Here’s why Gorillaz are very likely the best thing to ever happen to Damon Albarn:
Gorillaz are, as you likely know, a four-piece cartoon band made up of some of the more unsavory characters ever to come out of the dark depths of the animated underworld and unleash their music upon an unsuspecting public. All right, so eight-year-old guitarist Noodle is kinda bubbly and cute, but none of Gorillaz’ members could possibly be called anything close to mentally stable (if there is such a thing for a cartoon)—even Noodle is fighting her past as a member of a junior fighting militia. There’s a pic in the Demon Days press pack—freely available on the website, if you can find it—that features lead cartoon vocalist 2D with his (pardon the term) wang visibly hanging right out of his pants. It’s the ultimate display of “I don’t give a fuck”, and I have this feeling that Albarn was just a little bit giddy that Gorillaz uber-illustrator Jamie Hewlett could draw Albarn’s closest illustrated counterpart letting it all hang out.
Taken to a higher level, what 2D’s public display of the goods proves is that Albarn can do whatever the hell he damn well pleases as Gorillaz, while not necessarily taking responsibility for any of it. It’s why he can crib the entire verse melody of U2’s “Staring at the Sun” and use it for the chorus on his album’s lead single. It’s why he can pen a volcanic little fantasy and get Dennis Hopper to read it on one of the deeper tracks on that same album. It’s why he can have an entire album of vocal tracks without ever feeling constrained by the necessity of writing anything with a “deeper meaning”. Demon Days is part two of what will undoubtedly be an ongoing romp into the absurd, except that Albarn will rarely be chastized for such obvious self-indulgence; after all, he’s just writing parts for his characters, right?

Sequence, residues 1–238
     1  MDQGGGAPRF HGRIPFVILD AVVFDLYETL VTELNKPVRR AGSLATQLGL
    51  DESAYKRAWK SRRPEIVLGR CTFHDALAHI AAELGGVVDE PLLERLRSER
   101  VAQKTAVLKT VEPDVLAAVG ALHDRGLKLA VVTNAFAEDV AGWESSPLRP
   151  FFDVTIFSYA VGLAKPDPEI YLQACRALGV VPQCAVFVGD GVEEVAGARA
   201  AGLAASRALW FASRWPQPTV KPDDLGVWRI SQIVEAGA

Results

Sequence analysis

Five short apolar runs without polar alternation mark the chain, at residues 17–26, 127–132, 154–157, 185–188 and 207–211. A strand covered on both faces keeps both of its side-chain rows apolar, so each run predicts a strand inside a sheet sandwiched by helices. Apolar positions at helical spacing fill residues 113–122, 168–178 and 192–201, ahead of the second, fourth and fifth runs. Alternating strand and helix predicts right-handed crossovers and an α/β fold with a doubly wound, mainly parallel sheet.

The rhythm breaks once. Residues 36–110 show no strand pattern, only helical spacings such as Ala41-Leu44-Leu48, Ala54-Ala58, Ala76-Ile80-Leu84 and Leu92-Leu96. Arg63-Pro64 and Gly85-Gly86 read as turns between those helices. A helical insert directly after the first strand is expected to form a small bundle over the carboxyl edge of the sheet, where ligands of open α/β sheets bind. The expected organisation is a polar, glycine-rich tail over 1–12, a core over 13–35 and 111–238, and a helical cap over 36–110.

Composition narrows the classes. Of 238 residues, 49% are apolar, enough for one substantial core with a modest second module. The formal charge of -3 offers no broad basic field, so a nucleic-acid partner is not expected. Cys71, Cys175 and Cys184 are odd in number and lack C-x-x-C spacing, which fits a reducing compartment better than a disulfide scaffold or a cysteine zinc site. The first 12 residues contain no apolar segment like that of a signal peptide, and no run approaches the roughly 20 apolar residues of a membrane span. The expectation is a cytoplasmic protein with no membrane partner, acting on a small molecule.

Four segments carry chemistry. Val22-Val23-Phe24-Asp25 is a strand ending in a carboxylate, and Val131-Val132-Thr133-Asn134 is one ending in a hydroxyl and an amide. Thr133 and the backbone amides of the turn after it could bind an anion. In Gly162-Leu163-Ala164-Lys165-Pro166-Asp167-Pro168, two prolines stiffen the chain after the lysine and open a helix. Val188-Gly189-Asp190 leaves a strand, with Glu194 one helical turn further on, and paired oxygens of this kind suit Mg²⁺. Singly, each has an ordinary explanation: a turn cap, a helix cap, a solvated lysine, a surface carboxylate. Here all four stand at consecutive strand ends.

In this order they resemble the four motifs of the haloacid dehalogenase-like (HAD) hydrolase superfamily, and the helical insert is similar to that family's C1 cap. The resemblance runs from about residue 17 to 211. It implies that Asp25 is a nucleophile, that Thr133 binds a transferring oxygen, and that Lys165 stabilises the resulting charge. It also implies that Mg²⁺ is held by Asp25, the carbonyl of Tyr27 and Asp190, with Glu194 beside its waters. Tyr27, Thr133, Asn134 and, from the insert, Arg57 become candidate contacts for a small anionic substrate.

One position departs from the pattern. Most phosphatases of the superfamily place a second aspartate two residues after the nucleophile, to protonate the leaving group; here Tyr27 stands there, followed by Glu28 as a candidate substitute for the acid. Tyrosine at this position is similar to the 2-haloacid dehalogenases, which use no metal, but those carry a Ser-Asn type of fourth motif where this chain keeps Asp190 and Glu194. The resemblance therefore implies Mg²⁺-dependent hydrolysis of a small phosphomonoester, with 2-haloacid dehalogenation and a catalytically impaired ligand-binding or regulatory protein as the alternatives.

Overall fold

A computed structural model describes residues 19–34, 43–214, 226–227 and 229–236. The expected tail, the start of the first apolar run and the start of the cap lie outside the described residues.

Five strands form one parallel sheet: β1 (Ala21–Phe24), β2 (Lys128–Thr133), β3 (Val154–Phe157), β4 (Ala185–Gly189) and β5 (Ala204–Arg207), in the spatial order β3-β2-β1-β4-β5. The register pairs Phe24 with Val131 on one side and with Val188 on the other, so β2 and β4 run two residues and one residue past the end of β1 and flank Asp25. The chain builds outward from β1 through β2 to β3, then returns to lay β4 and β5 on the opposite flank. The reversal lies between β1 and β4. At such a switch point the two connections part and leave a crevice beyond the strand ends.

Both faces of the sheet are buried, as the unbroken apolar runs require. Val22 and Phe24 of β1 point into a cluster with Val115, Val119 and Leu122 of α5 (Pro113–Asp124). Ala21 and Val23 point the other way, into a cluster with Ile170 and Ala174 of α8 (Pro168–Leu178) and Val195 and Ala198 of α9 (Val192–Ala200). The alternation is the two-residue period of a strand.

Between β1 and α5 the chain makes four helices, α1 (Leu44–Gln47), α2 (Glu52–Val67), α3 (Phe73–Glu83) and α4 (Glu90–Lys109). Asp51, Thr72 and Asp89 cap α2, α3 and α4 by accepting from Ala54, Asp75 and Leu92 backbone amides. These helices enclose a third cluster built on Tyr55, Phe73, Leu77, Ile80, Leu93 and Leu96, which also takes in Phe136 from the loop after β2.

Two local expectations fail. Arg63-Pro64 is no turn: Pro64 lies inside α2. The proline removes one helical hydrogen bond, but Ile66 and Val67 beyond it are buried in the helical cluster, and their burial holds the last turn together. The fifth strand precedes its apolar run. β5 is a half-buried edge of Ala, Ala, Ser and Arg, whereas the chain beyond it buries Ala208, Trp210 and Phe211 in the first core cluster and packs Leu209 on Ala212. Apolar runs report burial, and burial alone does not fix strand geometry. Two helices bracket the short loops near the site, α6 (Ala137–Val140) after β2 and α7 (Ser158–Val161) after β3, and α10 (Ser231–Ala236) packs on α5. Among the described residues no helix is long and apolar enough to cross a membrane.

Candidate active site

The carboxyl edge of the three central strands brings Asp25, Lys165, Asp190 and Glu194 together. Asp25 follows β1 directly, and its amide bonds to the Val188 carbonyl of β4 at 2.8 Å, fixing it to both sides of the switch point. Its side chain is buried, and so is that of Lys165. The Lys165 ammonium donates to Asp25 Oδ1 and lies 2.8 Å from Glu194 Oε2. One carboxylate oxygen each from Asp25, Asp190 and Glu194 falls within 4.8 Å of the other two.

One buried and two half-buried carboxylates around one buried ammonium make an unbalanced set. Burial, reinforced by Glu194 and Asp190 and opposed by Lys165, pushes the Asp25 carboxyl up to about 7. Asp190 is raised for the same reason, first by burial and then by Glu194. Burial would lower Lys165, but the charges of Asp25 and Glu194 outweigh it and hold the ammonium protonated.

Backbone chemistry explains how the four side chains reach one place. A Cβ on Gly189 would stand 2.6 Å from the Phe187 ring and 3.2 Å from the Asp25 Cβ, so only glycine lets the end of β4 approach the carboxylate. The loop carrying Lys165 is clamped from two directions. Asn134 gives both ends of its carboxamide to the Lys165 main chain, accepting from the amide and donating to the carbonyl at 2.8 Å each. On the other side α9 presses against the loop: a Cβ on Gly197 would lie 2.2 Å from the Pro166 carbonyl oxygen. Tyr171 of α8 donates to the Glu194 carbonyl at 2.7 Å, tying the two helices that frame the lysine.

Even given all of the above, however, there is a major difference between Albarn’s first attempt at avant-pop-via-cartoon and his second. Gorillaz, the self-titled debut, actually played like a prolonged experiment, a test for Albarn to see how far he could push his own boundaries, and a test for his audience to see what exactly would be accepted as legitimate music and what would be dismissed as noise-collage drivel. Demon Days has a similar guest list to its eponymous predecessor, as varied and unexpected as any you’ll see in pop music today. Somehow, though, Albarn and his new cohort Danger Mouse (who replaces the quickly fading-in-relevance Dan the Automator) have managed to develop something resembling a cohesive statement from parts as disparate as Neneh “Buffalo Stance” Cherry, Dennis Hopper, Martina Topley-Bird, the London Community Gospel Choir (because every true exercise in self-indulgence needs a gospel choir attached to it), and Ike Turner. Yes, you read right. Ike freaking Turner.
I have these images of Albarn calling someone like Ike Turner up on the phone and saying something like “Hey, Ike, wanna play piano for my cartoon band? It’ll mean some mad hipster points for you, bruh.” These images entertain me for hours.